The Judgment Seat of Christ

Question: “What is the Judgment Seat of Christ?”
Answer: Romans 14:10-12 says, “For we will all stand before God’s judgment seat…so then, each of us will give an account of himself to God.” Second Corinthians 5:10 tells us, “For we must all appear before the judgment seat of Christ, that each one may receive what is due him for the things done while in the body, whether good or bad.” In the context, it is clear that both scriptures are referring to Christians, not unbelievers.

The judgment seat of Christ, therefore, involves believers giving an account of their lives to Christ. The judgment seat of Christ does not determine salvation; that was determined by Christ’s sacrifice on our behalf (1 John 2:2) and our faith in Him (John 3:16; Romans 10:9-10). All of our sins are forgiven, and we will never be condemned for them (Romans 8:1).

We should not look at the judgment seat of Christ as God judging our sins, but rather as God rewarding us for our lives; “We must all have our lives laid open before the tribunal of Christ.” 2 Cor 5:10. Yes, as the Bible says, we will have to give an account of ourselves.
At the judgment seat of Christ, believers are rewarded based on how faithfully they served Christ (Rom 14:10; 1 Cor 3:11-15).

Some of the things we might be judged on are how well we obeyed the Great Commission (Matthew 28:18-20), how victorious we were over sin (Romans 6:1-4), and how well we controlled our tongues (James 3:1-9). The various crowns are described in 2 Timothy 4:8, James 1:12, 1 Peter 5:4, and Revelation 2:10.

James 1:12 is a good summary of how we should think about the judgment seat of Christ: “Blessed is the man who perseveres under trial, because when he has stood the test, he will receive the crown of life that God has promised to those who love him.

What is the purpose of the Judgment Seat of Christ?

The purpose of the Judgment Seat of Christ is an exhaustive evaluation of our lives. First Corinthians 4:5 says the Lord will come and “bring to light the hidden things of darkness and reveal the counsels of the hearts. Then each one’s praise will come from God.”

That passage reveals Paul’s emphasis on the judgment seat of Christ. Notice that Paul says each man’s praise will come to him from God. God gives rewards to the victors; He does not whip the losers. We know that He won’t condemn us for our sins at that point, because Romans 8:1 says, “There is therefore now no condemnation to those who are in Christ Jesus.”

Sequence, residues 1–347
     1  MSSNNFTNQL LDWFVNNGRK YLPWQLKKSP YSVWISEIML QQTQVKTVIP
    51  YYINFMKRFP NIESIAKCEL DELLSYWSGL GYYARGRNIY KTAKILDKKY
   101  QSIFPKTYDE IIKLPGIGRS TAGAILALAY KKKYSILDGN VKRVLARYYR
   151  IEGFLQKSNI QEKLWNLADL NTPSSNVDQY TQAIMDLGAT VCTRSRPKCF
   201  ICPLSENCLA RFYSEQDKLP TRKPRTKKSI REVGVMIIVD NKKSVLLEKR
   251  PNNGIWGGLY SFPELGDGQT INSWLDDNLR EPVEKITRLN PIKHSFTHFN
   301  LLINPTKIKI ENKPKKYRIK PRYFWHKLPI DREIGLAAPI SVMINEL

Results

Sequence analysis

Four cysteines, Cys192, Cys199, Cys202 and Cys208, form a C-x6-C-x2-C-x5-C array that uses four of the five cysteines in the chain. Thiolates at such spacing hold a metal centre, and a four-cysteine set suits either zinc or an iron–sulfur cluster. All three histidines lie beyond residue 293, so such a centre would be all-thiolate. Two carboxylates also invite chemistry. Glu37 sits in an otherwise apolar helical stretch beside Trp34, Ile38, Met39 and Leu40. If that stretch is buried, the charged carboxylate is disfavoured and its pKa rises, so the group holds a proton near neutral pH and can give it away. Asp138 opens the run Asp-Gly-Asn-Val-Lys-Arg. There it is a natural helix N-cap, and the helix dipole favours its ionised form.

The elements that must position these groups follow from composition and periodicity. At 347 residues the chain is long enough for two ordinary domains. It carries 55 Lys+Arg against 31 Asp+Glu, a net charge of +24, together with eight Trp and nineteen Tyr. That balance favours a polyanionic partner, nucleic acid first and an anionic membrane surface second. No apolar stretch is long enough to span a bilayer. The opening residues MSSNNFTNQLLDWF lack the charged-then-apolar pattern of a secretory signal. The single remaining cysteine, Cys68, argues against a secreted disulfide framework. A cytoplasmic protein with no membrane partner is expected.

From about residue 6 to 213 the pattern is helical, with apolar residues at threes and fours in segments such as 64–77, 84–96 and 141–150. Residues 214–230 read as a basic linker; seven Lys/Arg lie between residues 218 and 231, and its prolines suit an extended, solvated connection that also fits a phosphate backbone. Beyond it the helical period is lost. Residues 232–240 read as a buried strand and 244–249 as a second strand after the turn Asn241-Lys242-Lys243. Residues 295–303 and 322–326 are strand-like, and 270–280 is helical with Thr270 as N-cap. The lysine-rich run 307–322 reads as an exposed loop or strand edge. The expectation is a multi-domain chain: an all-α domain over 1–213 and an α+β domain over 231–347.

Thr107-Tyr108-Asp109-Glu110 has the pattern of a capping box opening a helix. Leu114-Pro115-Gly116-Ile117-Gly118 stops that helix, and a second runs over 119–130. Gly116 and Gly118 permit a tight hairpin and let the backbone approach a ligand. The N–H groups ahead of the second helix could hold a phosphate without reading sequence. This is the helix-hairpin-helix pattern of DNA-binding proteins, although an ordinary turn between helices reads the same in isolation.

Thus, the purpose of the judgment seat of Christ is to examine a Christian’s total life. We will be recompensed for the deeds we have done, whether good or bad (2 Cor. 5:10). The term used there refers to a summing up and estimation of the total pattern of a believer’s life. This overall focus should keep us from worrying over every stupid thing we’ve ever done, or thoughtless sin we have committed. It’s a time of reward, not punishment.

At the same time, while we won’t be condemned for our sins, our present lives do affect what will happen at the Judgment Seat of Christ. Here’s how:

  1. Sin and indifference in this life rob us of our present desire for serving the Lord. That in turn means a loss of rewards, because we will not have used our time to His glory. That is why Paul exhorts us to “be careful how [we] walk, not as unwise men, but as wise, making the most of [our] time, because the days are evil” (Eph. 5:15-16, NASB).
  2. Sin and indifference result in a loss of power in our lives because sin grieves the Holy Spirit. ©John

What if I am a housewife and spend most of my life with my children? Then your faith in Christ will be seen and understood by them as you teach by example. Your kindness to neighbors, clerks, and strangers will become normal behavior to your children, thus guiding them in Christian behavior and deeds. We are not all called to be evangelists or street witnesses. Most of us will be influencing people we see in everyday situations. The smallest kindness can change a person’s day.

True story: “I was feeling grumpy when I left for work and as we met in the parking lot you waved, smiled and said, ‘Hello, hope you have a great day.’ That changed my attitude and day. Suddenly I felt good. And, as I drove to work, I realized I never waved or spoke to any of my neighbors. From that day forward, I made it a point to wave and greet all my neighbors. Now I know several and we actually spend time chatting as we come and go.” The person who waved and spoke is a Christian, doing something kind to a neighbor.


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